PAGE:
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CMC / Denver Group



Mountaineering is a demanding sport and our Basic Mountaineering classes are correspondingly demanding. Simply having the desire to be a mountaineer is not enough if you want to stay alive. You need to make a solid commitment and have a mindset of taking these classes as seriously as if your life depended on them.

The temporal commitment is substantial. You cannot take shortcuts by missing lectures and field days. And you need to reflect and practice. That is, you need to take the learning home and digest it with a view toward building on that learning with each successive lecture and field day. You cannot drop the material from your consciousness at the end of a lecture or field day and then need to catch up at the next lecture or field day. We hit the ground running and start out running at every new session.
If your calendar does not allow you to attend every date on the Traditional calendar, consider going Modular. If your calendar does not allow you to attend every Modular lecture and field day, take the long view and wait until your calendar opens up. Do not allow your eagerness to compromise your safety.

The physical commitment is substantial. Although most of the Field Days are fairly easy, the Couloir Climb can be a Difficult C and the High Peak Climb can be a Difficult D. I say the Field Days are easy but keep in mind that you will be carrying a lot of gear that you might not be used to carrying. And you might be climbing uphill more than you are used to. So, although the C Hiker Classification is not required before the Couloir Climb, we strongly recommend that you do not wait. Start working on it now.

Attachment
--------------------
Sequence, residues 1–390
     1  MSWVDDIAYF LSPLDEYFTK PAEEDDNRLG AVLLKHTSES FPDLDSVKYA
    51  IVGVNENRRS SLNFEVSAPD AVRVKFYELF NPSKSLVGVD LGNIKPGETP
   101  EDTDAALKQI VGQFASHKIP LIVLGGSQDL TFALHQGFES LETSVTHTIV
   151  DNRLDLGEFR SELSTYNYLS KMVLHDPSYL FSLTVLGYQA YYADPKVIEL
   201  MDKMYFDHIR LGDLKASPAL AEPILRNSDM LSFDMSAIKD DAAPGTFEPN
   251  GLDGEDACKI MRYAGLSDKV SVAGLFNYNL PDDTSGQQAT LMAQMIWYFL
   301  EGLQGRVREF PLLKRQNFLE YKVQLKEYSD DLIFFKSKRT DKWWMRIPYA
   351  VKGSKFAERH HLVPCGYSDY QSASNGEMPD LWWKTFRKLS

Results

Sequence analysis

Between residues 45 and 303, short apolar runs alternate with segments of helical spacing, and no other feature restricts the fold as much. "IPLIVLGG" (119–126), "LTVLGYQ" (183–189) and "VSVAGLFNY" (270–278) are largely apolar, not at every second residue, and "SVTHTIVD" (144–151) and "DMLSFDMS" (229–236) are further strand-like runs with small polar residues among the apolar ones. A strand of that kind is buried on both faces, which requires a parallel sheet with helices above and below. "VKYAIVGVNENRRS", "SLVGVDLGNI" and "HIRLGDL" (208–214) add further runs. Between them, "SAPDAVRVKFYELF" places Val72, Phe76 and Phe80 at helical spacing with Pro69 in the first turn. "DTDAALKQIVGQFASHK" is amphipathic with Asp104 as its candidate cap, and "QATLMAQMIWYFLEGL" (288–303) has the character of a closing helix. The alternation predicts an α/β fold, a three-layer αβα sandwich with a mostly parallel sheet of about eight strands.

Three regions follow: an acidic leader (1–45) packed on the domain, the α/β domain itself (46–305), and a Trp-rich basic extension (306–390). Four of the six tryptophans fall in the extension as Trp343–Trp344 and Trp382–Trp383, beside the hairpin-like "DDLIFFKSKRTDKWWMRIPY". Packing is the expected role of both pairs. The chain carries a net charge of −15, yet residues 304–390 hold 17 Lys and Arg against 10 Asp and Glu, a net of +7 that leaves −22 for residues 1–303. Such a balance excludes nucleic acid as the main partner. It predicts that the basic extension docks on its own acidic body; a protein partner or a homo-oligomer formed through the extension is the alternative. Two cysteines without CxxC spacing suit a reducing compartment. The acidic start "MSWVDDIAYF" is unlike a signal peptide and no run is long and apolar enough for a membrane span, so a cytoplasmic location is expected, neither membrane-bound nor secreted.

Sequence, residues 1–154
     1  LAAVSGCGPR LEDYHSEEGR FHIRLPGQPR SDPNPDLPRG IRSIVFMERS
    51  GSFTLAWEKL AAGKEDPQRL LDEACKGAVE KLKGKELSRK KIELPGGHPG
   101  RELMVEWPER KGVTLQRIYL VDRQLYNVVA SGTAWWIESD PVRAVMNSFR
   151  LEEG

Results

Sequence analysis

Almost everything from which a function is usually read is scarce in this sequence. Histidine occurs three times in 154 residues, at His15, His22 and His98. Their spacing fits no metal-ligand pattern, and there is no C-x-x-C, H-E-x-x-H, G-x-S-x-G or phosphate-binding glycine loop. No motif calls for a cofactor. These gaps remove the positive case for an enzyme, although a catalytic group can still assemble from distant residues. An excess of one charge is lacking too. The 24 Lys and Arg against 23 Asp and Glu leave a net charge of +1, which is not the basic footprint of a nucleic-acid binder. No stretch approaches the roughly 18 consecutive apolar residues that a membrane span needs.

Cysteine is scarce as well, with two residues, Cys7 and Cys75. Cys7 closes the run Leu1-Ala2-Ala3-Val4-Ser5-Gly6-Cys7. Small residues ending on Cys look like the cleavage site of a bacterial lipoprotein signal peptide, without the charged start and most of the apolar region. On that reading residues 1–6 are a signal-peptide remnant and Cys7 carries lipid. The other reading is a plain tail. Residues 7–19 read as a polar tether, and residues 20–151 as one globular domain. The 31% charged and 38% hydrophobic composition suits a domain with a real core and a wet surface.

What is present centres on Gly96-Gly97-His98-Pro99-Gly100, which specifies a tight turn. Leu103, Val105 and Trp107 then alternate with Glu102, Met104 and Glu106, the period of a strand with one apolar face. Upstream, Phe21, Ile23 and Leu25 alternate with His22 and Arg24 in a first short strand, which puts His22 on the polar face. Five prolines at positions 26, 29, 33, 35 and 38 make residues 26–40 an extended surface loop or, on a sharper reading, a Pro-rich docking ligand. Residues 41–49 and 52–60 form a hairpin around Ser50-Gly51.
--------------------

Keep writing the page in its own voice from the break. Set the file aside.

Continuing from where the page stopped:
For the C Hiker Classification, you need the following:

Not only does the C Hiker Classification prepare you for the rigors of mountaineering, it also prepares you for dealing with Colorado terrain and weather. The Technical Climbing School does not instruct in the basics of non-technical outdoor travel. We assume that you already have those fundamental skills.

The financial commitment can be substantial. We can provide all the technical gear you need: helmet, harness, belay device, ice axe, crampons, etc. But you need to have clothing necessary for winter travel. You need to have the layers necessary to keep you safe and dry in snow blowing at 40 mph.
And you will need mountaineering boots. This is mountaineering; you need mountaineering boots. Hikers will not be sufficient. You need stiff-soled mountaineering boots that are waterproof and that will accept crampons. You can find some deals but mountaineering boots are generally at least $300-$400. You can also rent mountaineering boots at some local retailers. You will also need overnight camping gear. For more information see the page on Boots.

The mental commitment is substantial. You are moving into technical climbing, now, and you need to bring a focus that is respectful of the fact that your life and the lives of your climbing partners are dependent on the highest level of preparation and execution.
We recommend buying Mountaineering: The Freedom of the Hills, 9ed (FOTH). This is an excellent one-volume source. Some of the lecture notes refer you to reading material in FOTH.